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Beauty as it speaks to life: Study in how Platonic Form of Beauty relates to our interaction with beautiful objects

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dc.contributor.advisor Yurdin, Joel
dc.contributor.advisor Macbeth, Danielle
dc.contributor.author Yun, Emma
dc.date.accessioned 2010-12-10T19:42:40Z
dc.date.available 2010-12-10T19:42:40Z
dc.date.issued 2010
dc.identifier.uri http://hdl.handle.net/10066/6151
dc.description.abstract Beauty‘s relation to art and the good life is mostly obscure, though the topic has been much debated in the course of Western Philosophy. In this essay, I hope to revive the relationship between beauty and goodness, as understood in Platonic times. My main argument centers on Plato‘s understanding of beauty, which claims that a beautiful object is a particular body manifesting the Form of Beauty. To understand the nature of beauty, separation between the Form and the body is needed. I explain how this separation is possible when one makes the progression from appreciating the beauty of the body to creating artworks, to contemplating the nature of beauty in a philosophical discourse. For Plato, goodness is a life spent in philosophical discourse. In my paper, I take goodness to mean a life devoted to understanding the nature of our existence. Only by understanding the nature our existence, we can develop empathy and tolerance. These attributes are necessary in order for us to lead a flourishing life, since our existence is not individuated. Because the Form is intricately woven into the particular body that is connected to life, one who appreciates the Form is drawn to exploring more of the body that leads to exploring more about life itself. Therefore, I argue that understanding the nature of beauty ultimately leads us to the world of the particulars where the good and the bad, happiness and sorrow, are interconnected. It is this dichotomy that has led scholars to resist the claim that beauty ultimately converges with goodness. I conclude that understanding the nature of our existence does converge with goodness, even when existence itself is not purely good.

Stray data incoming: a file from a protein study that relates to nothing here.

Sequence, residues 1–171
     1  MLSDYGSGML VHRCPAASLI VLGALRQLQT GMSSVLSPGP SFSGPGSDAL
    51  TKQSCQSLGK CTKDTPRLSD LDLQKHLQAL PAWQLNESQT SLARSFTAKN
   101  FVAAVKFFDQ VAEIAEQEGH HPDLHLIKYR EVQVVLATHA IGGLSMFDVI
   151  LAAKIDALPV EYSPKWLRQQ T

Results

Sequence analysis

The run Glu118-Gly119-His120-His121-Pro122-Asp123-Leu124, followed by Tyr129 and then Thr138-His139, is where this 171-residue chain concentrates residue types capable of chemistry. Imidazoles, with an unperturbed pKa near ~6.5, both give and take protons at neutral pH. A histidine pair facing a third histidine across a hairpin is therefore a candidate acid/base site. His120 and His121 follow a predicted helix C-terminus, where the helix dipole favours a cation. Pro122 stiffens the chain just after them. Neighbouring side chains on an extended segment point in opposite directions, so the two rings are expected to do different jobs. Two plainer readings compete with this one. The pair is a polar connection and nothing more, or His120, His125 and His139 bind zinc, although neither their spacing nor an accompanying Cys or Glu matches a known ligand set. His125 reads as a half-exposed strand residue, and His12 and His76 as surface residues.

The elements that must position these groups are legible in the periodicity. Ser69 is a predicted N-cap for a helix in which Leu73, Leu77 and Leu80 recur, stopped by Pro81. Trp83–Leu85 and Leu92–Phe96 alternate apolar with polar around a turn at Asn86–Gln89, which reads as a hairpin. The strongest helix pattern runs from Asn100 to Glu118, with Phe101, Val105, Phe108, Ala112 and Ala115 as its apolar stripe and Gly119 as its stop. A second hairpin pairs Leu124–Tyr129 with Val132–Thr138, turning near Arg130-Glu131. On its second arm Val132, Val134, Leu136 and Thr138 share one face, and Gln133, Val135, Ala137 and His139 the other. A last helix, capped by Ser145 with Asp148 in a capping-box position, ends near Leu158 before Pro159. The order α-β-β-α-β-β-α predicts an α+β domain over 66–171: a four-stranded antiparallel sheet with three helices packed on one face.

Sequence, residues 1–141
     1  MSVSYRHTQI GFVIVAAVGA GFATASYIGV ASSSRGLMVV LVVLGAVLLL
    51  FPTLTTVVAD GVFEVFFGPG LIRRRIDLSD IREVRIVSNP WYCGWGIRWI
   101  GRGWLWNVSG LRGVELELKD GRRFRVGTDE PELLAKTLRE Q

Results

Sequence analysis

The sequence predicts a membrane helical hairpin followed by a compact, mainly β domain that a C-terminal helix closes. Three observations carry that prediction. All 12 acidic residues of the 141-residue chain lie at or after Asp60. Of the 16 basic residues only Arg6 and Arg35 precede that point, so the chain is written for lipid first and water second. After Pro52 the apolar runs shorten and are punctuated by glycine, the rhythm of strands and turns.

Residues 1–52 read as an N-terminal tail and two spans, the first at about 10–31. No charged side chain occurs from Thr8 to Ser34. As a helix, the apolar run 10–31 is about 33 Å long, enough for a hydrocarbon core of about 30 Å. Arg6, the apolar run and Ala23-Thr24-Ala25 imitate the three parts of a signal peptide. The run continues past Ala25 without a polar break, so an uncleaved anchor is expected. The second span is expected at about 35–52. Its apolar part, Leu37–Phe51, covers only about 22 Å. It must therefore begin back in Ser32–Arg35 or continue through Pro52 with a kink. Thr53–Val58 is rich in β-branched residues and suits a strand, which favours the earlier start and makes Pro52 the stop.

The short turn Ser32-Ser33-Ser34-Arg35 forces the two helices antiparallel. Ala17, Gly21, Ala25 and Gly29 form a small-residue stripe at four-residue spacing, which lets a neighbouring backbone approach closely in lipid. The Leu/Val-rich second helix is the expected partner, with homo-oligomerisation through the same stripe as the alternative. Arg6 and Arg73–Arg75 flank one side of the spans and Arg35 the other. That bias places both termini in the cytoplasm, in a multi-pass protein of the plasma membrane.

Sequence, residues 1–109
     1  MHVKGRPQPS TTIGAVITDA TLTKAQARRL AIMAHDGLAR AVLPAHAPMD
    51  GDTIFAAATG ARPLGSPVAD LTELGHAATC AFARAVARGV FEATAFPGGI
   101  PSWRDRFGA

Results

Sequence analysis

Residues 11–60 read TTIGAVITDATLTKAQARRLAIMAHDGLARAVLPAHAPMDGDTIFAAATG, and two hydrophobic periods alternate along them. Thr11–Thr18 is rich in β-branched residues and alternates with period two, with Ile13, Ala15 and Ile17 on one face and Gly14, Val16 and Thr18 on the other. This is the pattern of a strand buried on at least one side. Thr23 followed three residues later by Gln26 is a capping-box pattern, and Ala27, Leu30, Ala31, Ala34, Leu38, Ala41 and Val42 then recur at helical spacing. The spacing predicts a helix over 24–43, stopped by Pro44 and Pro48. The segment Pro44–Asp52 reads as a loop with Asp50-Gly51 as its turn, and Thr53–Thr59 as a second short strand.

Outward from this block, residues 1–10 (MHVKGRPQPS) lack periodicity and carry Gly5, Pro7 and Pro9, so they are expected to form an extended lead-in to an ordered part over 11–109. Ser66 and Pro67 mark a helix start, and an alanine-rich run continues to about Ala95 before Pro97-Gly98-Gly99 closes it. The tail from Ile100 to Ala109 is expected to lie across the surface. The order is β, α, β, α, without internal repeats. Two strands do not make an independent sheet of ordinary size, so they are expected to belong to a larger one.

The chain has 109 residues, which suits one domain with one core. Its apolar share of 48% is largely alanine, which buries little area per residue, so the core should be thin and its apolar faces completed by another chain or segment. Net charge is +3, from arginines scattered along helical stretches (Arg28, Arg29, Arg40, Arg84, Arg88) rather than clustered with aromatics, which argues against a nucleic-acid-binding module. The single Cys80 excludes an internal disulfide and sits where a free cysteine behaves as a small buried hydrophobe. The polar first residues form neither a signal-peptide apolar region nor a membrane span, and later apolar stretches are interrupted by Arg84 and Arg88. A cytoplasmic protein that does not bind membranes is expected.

dc.description.sponsorship Haverford College. Department of Philosophy
dc.language.iso eng
dc.rights.uri http://creativecommons.org/licenses/by-nc/3.0/us/
dc.subject.lcsh Plato -- Views on beauty
dc.subject.lcsh Aesthetics -- Philosophy
dc.title Beauty as it speaks to life: Study in how Platonic Form of Beauty relates to our interaction with beautiful objects
dc.type Thesis
dc.rights.access Haverford users only


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